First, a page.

In Senate bill, interest deduction cap could slow corporate loan market
The Senate tax reform bill may be designed to benefit Corporate America, but there's little in it to cheer speculative-grade companies - or those who lend to them.
Risky companies with heavy debt loads typically pay little corporate tax, so they won't see as much benefit as more profitable companies of a 20% tax rate.
And, adding injury to insult, the bill passed after midnight on Friday would also cap the amount of interest expense they can deduct from their taxes to 30% of earnings.
Currently, many junk-rated firms are able to offset their corporate tax liability because all of the interest that they pay on their debt is deductible. Limiting the deduction to 30% could potentially offset any benefit of a lower tax rate, as well as some other goodies such as immediate expensing of capital costs.
In a letter to Senate leaders last week, a coalition of technology, health care and other other kinds of firms – including Dell Technologies, whose debt is the most widely held in U.S. CLOs – warned that the Senate’s version of the bill represented a $300 billion tax increase on corporate borrowers over the next decade.
Collateralized loan obligations, which are some of the biggest investors in the loans of speculative-grade companies, could also be impacted because of the likelihood that tax cuts could reduce the amounts of borrowing by speculative-grade rated companies as leveraged loans lose the tax advantage from uncapped deductibles.
On Saturday, Moody’s Investors Service said the Senate bill represented a potential negative credit even for CLOs, due to uncertainty of the impact on the loans pooled in their portfolios.
"Because speculative grade companies now pay relatively little taxes, the curbing of interest deductibility, as envisioned in the tax bills, could outweigh the benefits of the legislation for many obligors in the CLO market, a credit negative," said Jian Hu, a managing director, for Moody’s, in a statement issued Saturday.
In a Nov. 14 newsletter, the Loan Syndications & Trading Association cited Barclays research data showing that “lower tax rates tend to reduce corporate leverage, as debt becomes more expensive relative to equity.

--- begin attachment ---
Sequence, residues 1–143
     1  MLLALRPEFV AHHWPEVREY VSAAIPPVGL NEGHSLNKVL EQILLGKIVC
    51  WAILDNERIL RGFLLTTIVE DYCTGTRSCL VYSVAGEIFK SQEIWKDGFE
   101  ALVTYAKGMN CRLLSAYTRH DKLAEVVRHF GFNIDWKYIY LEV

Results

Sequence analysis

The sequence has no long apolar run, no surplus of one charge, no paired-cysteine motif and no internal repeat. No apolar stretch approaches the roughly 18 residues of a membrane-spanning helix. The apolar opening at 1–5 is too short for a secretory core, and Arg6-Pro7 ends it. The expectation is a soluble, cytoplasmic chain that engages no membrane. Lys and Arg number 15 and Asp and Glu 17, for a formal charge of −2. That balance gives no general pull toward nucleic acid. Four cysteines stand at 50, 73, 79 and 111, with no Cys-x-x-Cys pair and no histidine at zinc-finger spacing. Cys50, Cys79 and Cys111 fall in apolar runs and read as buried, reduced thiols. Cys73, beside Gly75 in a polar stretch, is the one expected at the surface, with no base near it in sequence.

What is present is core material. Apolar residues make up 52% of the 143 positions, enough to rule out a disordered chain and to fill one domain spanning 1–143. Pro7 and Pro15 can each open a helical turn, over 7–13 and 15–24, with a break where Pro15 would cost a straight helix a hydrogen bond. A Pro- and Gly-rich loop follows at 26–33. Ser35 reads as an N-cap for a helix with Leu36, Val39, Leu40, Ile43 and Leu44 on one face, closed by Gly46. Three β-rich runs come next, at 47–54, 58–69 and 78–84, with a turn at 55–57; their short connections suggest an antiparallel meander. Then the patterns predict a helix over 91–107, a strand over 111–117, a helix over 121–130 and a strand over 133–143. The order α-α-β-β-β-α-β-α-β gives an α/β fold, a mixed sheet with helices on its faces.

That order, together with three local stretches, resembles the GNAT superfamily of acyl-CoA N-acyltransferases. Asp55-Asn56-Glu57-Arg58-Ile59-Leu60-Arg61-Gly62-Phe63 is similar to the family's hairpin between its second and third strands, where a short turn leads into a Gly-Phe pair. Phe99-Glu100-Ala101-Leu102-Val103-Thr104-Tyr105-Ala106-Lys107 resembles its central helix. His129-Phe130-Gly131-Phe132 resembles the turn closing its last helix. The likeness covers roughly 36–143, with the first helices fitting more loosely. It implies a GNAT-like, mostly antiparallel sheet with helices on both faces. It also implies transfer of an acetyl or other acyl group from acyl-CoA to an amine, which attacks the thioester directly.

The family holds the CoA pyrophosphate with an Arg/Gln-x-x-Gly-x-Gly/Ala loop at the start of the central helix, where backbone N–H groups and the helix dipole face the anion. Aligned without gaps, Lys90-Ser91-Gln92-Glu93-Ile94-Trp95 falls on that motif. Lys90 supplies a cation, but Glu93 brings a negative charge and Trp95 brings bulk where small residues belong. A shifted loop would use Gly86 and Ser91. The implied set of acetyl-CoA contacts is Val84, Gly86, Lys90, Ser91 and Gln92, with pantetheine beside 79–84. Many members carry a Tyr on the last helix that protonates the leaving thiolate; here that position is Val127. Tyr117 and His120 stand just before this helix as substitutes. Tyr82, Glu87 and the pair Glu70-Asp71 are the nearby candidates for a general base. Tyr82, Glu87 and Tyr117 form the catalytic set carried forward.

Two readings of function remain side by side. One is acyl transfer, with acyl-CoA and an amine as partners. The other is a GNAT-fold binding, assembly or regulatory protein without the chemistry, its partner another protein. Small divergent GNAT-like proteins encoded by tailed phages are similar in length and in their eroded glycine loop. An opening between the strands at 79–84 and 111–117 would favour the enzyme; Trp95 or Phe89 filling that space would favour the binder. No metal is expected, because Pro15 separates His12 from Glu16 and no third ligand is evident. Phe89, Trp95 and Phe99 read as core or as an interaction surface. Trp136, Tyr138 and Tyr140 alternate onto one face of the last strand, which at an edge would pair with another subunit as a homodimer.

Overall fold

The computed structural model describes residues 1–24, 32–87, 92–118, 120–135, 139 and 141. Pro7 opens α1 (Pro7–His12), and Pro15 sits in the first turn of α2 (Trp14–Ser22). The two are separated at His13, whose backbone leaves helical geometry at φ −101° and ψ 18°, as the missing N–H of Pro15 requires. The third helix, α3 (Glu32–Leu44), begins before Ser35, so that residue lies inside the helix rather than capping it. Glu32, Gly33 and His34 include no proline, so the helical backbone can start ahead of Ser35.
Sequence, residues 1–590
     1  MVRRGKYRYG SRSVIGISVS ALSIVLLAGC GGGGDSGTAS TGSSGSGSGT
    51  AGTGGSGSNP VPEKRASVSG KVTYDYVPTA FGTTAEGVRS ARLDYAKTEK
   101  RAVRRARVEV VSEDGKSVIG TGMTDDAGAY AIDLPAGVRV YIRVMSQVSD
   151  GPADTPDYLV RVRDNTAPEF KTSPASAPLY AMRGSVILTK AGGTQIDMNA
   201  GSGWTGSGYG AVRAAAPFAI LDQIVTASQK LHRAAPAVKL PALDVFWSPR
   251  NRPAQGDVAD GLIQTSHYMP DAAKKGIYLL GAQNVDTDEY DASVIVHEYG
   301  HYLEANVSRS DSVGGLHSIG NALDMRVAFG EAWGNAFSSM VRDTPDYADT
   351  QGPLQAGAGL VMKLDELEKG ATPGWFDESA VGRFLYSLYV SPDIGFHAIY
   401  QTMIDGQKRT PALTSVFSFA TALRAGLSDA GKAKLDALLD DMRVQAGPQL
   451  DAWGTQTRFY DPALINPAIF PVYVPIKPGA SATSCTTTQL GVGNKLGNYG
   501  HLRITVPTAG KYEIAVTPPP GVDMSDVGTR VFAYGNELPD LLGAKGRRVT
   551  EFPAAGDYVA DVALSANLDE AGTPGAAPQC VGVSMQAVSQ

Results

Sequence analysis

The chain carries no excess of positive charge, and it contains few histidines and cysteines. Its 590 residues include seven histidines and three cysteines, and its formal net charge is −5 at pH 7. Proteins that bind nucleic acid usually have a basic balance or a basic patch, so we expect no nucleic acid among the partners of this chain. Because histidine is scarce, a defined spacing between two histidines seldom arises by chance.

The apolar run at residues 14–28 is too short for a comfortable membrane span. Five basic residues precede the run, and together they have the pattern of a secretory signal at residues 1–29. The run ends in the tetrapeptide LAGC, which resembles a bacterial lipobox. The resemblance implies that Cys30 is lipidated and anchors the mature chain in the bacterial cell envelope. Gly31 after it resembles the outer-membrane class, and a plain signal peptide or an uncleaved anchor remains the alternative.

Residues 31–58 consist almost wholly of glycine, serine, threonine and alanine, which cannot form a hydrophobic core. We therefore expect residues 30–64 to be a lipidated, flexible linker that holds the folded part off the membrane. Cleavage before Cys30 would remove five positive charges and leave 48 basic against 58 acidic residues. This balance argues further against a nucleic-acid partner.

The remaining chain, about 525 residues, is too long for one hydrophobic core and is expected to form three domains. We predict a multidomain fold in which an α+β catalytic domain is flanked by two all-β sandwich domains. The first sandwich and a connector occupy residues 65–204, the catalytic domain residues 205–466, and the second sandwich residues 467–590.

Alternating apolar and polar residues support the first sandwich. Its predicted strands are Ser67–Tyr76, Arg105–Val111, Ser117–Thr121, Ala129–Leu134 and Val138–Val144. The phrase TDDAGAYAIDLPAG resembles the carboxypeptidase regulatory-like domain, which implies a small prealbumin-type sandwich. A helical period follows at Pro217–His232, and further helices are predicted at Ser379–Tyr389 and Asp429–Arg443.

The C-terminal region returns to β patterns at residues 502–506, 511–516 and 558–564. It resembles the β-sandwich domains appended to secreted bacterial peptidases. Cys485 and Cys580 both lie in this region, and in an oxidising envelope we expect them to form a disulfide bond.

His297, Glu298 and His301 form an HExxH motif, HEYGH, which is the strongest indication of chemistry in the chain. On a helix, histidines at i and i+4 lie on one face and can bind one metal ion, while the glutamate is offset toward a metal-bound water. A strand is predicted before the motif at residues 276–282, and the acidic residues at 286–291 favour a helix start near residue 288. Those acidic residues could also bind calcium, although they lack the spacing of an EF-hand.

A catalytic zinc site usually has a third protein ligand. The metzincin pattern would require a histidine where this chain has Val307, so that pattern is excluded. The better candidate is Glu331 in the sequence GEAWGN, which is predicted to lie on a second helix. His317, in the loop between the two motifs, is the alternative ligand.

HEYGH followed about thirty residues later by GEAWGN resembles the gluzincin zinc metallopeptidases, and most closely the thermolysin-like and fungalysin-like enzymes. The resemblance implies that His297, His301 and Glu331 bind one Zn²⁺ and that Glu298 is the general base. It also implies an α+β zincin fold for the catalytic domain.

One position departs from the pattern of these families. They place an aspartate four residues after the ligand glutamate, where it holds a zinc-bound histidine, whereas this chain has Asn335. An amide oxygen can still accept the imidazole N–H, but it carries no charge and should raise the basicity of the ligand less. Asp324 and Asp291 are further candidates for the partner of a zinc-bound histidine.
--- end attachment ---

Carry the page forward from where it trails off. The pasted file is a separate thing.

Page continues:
“If one adds in a reduction in interest deductibility, debt may become still less attractive to many corporates,” the newsletter stated. “Thus, theoretically, the overall trend could be toward deleveraging.”
Barclays research has indicated that more than 32% of firms with corporate debt (including investment grade) have interest expenses that exceed the proposed cap of 30% of earnings.
Both the Senate bill and the House bill go easier on highly leveraged companies than the GOP's original 2016 plan to eliminate the deduction altogether, according to the LSTA. But in the Senate version, the 30% cap would go further than the House bill in expanding the amount of taxable income it uses to calculate the interest-rate deductible.
Rather than using earnings before interest, taxes, depreciation and amortization (EBITDA), as the House bill does, the Senate bill would require the use of a higher earnings figure in determining the interest deductible. The Senate bill's calculation would involve EBIT, or earnings without accounting for depreciation or amortization costs.
The Senate bill also delays lowering the corporate tax rate until 2019, which means companies would have their interest rate deduction lowered for an entire year before they would see any offset from a lower tax rate.
The LSTA also cited Barclays research showing more than 32% of highly leveraged companies have interest expense greater than 30% of EBITDA. Most of these are speculative-grade. “The question is,” the newsletter stated, “how big is that universe of companies and ... will their increase in taxable income be counterbalanced by lower corporate taxes and capex expensing?
Speculative-grade companies that were acquired by private equity companies may be among the hardest hit, according to the LSTA. That's because these companies tend to be among the most heavily indebted.
“LBO math – which was already difficult, considering high purchase price multiples, capped leverage and high equity contributions – might become more challenging,” the newsletter stated.